The successful disruption of jihadi terror organizations from 2009-13 in Pakistan and Afghanistan emanated from eastern Afghanistan and functioned on the backbone of US military presence there. A primary feature of the 2008-09 military uplift, this backbone enabled the coalition to independently generate rich and timely human, signals and electronic information about militant interactions on both sides of the Afghanistan-Pakistan border. While the size of this U.S. intelligence backbone was never sustainable indefinitely, the complexity of the challenges it faced in tracking a fluid cross-border terrorist and militant milieu has not diminished dramatically. It is thus more than fair to ask how well the residual arrangements for a post-2014 Afghanistan accommodate the retention of this important intelligence capability.
Fully Appreciating the Security Risks
Disturbingly, signs abounded in 2014 that the US/NATO military drawdown has dramatically increased risk in all three areas of the Afghan security challenge. To begin with, the Afghan National Army (ANA) has demonstrated considerable weakness in maintaining security against Taliban resurgence Afghanistan’s south, its east and in Kabul itself – areas where US/NATO combat troop presence had all but vanished by mid-2014. In the south and east, Afghan military units have lost many hard-won gains from the US/NATO uplift of 2009-11. By the end of October 2014, Afghan Army and National Police forces had suffered more than 4,600 deaths for the year – an unsustainable rate of attrition. ANSF field units lack sufficient aerial resupply, casualty evacuation capabilities, and intelligence support, as well as timely indirect fires or air strike support. ANSF performance in late 2014 has eroded international confidence in Afghanistan as a secure environment for financial investments.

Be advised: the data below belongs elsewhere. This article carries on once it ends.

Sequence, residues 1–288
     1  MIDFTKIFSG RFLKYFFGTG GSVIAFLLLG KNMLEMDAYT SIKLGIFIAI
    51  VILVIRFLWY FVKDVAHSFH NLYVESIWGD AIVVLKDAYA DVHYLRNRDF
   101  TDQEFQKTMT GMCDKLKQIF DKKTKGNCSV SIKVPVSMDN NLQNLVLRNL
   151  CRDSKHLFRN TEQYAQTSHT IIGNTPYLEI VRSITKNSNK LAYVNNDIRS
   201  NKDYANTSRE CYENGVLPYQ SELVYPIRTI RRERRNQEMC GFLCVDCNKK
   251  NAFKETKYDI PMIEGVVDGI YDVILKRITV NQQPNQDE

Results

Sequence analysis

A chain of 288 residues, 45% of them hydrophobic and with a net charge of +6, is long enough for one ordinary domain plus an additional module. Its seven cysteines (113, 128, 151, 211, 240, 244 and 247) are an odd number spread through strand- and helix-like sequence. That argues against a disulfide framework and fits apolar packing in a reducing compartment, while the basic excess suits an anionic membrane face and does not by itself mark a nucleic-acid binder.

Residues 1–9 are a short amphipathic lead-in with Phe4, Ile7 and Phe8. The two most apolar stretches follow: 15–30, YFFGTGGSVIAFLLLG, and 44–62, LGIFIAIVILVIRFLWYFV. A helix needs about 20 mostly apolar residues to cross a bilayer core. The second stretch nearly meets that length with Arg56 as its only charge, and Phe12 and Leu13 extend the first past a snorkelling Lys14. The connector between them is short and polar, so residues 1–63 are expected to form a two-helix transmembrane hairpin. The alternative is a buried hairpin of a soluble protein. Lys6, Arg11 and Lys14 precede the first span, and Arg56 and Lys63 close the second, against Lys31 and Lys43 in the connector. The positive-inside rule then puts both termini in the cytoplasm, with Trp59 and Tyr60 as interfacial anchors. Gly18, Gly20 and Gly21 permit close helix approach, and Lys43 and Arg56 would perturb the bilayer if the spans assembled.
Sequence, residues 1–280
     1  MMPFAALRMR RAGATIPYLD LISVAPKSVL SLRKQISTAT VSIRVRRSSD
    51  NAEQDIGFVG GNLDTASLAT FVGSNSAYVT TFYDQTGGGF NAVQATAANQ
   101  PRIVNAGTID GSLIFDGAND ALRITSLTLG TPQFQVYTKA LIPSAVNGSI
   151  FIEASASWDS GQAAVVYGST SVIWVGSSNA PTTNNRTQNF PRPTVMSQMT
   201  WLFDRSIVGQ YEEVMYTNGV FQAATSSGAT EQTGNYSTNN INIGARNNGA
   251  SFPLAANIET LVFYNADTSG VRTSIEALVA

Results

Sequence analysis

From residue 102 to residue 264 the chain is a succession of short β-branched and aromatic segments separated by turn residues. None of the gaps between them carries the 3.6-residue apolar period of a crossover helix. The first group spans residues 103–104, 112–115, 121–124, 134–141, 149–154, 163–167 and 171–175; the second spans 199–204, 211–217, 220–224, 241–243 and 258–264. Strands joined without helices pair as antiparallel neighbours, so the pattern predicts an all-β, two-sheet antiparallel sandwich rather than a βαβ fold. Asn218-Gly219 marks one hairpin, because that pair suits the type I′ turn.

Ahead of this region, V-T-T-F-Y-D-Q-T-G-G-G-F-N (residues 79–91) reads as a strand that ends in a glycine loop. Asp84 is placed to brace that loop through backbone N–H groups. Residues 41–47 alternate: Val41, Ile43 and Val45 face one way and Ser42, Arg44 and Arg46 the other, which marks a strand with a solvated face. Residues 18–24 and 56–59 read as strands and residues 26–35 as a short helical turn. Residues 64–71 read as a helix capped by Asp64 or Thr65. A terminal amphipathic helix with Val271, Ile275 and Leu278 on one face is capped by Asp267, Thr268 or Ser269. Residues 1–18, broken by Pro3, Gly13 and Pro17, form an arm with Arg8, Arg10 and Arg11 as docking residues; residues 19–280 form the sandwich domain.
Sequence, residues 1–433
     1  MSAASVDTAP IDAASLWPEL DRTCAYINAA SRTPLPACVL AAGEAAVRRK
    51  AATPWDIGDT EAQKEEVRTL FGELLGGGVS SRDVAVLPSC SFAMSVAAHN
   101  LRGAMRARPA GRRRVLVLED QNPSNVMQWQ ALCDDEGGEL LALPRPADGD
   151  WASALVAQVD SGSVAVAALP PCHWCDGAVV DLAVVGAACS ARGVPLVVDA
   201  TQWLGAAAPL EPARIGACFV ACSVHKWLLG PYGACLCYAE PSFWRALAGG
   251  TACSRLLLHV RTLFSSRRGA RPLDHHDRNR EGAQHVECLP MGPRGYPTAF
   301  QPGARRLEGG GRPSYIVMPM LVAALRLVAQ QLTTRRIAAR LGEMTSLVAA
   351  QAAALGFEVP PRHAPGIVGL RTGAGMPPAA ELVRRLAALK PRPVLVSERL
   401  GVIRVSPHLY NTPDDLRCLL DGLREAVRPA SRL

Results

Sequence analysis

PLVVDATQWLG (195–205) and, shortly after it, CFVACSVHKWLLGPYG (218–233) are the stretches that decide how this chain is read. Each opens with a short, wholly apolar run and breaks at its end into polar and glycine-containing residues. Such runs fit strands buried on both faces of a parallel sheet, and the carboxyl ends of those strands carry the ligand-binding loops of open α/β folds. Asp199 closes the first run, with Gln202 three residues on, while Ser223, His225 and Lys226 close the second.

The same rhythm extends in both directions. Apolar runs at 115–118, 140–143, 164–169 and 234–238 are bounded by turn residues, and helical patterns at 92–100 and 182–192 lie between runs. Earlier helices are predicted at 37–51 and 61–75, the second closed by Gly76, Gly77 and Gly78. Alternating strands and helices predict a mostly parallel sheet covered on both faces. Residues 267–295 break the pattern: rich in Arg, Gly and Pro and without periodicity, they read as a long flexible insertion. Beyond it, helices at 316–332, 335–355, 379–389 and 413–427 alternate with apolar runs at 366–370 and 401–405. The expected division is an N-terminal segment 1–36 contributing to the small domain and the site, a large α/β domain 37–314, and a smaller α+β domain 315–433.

Pakistan’s military and intelligence agencies exhibit no fundamental change in support for the Afghan Taliban and other anti-Indian jihadi outfits operating in Afghanistan. Despite late 2014 statements by US military officials in Afghanistan that Pakistan military operations into North Waziristan have disrupted the ability of the Haqqani Network to launch terrorist attacks on Afghan territory – statements dramatically amplified in Pakistani press – there is little to suggest that even if true, these will produce lasting effect.
Pakistan military-intelligence accusations that Afghan government and ANSF forces are unable to capture or kill escaping North Waziristan militants and that Afghanistan’s NDS is actually working with Indian intelligence services to “turn” fleeing Pakistani Taliban into agents for use against the Pakistan government grow greater every day. The historic Indo-Pakistani animus is palpable in Afghanistan and the space for this animus to grow in size and scale increases with every withdrawn US/NATO military asset.